C.S. Lewis has had many good ideas, among them ideas concerning creativity and the imagination. If you’re stuck in a rut, perhaps these thoughts of his can help spur your own imagination to greater heights.
Providing Just the Right Image
Reason is the natural organ of truth, imagination is the organ of meaning.
– “Bluspels and Flalansferes”, Selected Essays
Lewis believed that we do not really grasp the meaning of words or concepts until we have clear pictures or images we can connect with them. Even in the midst of an apologetic argument, Lewis provided just the right picture, image, or metaphor to help the reader grasp the meaning of an argument.
Honoring the Dignity of Others
There are no ordinary people. You have never met a mere mortal.
– The Weight of Glory
Our creativity stems from being made in the image of God, our Creator. Being made in the image of God also means we have intrinsic worth, value, and dignity. Lewis’s productivity united these two beliefs – that we are creative beings and we have inherent worth. He understood that God created every single individual to be unique and to reflect his image. Lewis lived out this idea that “there are no ordinary people” in the above instance by writing personal, handwritten letters to everyone who wrote to him,
Overcoming Bias Against the Past
Most of all, perhaps, we need intimate knowledge of the past. Not that the past has any magic about it, but because we cannot study the future, and yet need something to set against the present, to remind us that the basic assumptions have been quite different in different periods and that much which seems certain to the uneducated is merely temporary fashion. A man who has lived in many places is not likely to be deceived by the local errors of his native village; the scholar has lived in many times and is therefore in some degree immune from the great cataract if nonsense that pours from the press and the microphone of his own age.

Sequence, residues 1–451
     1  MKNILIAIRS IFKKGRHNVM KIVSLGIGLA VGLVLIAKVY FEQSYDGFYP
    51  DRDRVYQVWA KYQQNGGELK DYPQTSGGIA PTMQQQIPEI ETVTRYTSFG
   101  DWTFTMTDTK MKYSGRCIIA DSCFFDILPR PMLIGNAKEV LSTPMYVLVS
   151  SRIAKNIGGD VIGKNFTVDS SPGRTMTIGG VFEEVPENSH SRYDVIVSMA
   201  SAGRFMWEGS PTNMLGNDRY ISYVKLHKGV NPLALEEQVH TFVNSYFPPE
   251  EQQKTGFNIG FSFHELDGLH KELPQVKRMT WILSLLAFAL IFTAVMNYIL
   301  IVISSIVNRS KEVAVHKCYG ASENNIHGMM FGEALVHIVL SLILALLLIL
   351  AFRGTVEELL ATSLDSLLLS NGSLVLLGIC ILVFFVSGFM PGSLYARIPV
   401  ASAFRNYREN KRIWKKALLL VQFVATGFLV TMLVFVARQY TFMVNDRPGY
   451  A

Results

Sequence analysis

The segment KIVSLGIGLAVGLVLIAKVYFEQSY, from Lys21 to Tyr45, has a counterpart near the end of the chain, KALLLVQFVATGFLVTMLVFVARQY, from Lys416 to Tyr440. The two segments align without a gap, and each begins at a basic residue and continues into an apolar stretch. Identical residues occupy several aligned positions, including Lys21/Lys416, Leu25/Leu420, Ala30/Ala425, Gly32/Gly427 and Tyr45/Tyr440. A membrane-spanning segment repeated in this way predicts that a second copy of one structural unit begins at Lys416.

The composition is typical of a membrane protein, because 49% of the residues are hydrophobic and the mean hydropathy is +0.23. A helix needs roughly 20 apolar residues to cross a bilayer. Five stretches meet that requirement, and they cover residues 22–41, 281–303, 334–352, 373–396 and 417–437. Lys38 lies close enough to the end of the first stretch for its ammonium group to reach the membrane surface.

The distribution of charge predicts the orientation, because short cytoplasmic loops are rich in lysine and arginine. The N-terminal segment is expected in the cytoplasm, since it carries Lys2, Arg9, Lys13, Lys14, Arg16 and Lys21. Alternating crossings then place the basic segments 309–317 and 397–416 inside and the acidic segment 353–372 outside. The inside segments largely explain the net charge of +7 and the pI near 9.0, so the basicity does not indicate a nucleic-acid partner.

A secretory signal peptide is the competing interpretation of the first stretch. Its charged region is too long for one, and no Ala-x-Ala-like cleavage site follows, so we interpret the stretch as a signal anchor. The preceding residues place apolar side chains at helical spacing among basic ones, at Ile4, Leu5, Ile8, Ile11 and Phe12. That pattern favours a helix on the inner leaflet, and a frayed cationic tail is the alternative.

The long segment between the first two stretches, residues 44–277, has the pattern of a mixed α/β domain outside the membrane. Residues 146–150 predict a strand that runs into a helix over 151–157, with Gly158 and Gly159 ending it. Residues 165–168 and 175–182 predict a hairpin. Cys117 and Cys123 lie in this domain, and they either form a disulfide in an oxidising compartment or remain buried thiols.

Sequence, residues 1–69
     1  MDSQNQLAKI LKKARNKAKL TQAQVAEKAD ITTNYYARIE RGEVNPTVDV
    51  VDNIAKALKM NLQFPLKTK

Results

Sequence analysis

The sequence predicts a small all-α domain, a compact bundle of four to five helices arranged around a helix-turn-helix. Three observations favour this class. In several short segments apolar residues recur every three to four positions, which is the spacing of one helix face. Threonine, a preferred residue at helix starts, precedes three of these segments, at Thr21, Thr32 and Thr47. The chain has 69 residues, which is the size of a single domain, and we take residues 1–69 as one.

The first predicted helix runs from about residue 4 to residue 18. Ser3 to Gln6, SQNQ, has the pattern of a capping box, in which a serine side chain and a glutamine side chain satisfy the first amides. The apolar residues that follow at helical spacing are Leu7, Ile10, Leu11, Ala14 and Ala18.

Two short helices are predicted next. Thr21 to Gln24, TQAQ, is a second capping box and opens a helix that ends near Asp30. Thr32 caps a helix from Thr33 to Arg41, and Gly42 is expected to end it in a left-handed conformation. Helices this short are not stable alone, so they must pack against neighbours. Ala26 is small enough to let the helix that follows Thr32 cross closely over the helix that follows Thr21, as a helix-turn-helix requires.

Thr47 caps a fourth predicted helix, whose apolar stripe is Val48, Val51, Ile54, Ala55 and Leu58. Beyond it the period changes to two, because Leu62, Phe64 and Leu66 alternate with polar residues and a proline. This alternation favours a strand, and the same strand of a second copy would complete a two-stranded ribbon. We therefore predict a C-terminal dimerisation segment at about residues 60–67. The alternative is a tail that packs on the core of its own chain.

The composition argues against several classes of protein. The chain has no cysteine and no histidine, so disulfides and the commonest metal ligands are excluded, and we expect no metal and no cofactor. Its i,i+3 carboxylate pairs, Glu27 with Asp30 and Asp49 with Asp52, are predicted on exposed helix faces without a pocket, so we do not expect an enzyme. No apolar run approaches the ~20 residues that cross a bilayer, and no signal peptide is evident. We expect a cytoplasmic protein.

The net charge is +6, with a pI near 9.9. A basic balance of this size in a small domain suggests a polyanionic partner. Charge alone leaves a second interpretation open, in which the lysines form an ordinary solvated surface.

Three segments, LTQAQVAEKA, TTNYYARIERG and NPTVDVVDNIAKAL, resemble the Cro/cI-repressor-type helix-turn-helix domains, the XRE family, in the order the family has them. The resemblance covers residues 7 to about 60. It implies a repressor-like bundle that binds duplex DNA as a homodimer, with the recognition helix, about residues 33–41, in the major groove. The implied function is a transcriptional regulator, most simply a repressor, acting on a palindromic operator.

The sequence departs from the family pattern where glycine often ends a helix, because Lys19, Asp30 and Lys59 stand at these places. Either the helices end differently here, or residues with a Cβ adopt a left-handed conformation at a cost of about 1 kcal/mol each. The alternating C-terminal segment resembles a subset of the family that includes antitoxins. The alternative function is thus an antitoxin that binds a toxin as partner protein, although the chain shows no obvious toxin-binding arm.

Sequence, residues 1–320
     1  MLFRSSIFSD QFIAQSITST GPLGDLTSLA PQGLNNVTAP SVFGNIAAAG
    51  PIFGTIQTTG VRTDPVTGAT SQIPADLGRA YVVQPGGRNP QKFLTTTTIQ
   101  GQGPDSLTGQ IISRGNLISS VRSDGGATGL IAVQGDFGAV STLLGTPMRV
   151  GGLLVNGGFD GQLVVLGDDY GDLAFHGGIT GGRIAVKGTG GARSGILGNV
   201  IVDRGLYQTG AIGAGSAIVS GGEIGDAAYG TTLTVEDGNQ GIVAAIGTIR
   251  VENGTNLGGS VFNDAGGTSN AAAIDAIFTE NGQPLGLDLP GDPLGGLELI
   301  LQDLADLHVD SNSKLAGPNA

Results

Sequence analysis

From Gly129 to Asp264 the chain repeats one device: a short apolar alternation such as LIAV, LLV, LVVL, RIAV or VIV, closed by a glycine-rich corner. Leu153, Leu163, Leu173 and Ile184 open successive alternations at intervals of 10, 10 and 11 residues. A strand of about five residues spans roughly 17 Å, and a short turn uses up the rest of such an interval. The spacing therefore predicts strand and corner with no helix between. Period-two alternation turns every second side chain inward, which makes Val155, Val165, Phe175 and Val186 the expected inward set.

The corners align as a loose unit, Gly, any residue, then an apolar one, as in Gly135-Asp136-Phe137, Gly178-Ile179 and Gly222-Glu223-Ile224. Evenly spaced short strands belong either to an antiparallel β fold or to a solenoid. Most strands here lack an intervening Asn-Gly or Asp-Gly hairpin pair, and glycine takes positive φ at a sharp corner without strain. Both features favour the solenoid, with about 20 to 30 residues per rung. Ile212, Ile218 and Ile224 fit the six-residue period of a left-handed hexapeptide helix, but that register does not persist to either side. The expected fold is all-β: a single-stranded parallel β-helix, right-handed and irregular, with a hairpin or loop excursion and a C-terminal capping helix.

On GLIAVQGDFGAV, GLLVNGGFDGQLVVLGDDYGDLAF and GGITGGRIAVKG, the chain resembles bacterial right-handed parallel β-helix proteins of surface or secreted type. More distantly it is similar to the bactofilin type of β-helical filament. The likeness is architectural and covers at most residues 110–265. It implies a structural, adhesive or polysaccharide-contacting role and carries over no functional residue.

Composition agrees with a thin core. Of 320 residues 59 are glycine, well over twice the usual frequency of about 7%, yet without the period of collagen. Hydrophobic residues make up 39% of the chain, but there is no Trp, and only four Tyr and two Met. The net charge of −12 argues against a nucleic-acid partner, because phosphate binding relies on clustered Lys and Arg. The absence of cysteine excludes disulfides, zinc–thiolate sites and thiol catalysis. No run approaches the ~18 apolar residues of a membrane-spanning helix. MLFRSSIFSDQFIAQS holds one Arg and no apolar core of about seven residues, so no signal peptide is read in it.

– “Learning in Wartime”, The Weight of Glory
Sources from the past can ignite our creativity and our imaginations. Lewis knew that a bias against the past could be an obstacle not only to creativity, but to faith. As I wrote in one article for the C.S. Lewis Institute,
One obstacle that C.S. Lewis had to overcome was what he called his “chronological snobbery.” By that he meant the assumption that whatever has gone out of date is thereby discredited. For instance, people might ask, “What does a 2,000-year-old faith have to do with me?” One of Lewis’s friends helped him to ask about ideas that seemed outdated. Why did an idea go out of date and was it ever refuted? If so, where, by whom, and how conclusively? C.S. Lewis later argued that reading old books helped provide a corrective to the blindness induced by our own age. We ought, he maintained, to read one old book for every new one or if that’s too much, then one old one for every three new ones. Otherwise, we may be easily enslaved to the ideas of the recent past.
Our creativity will be hindered if we are only drawing on ideas of the recent past.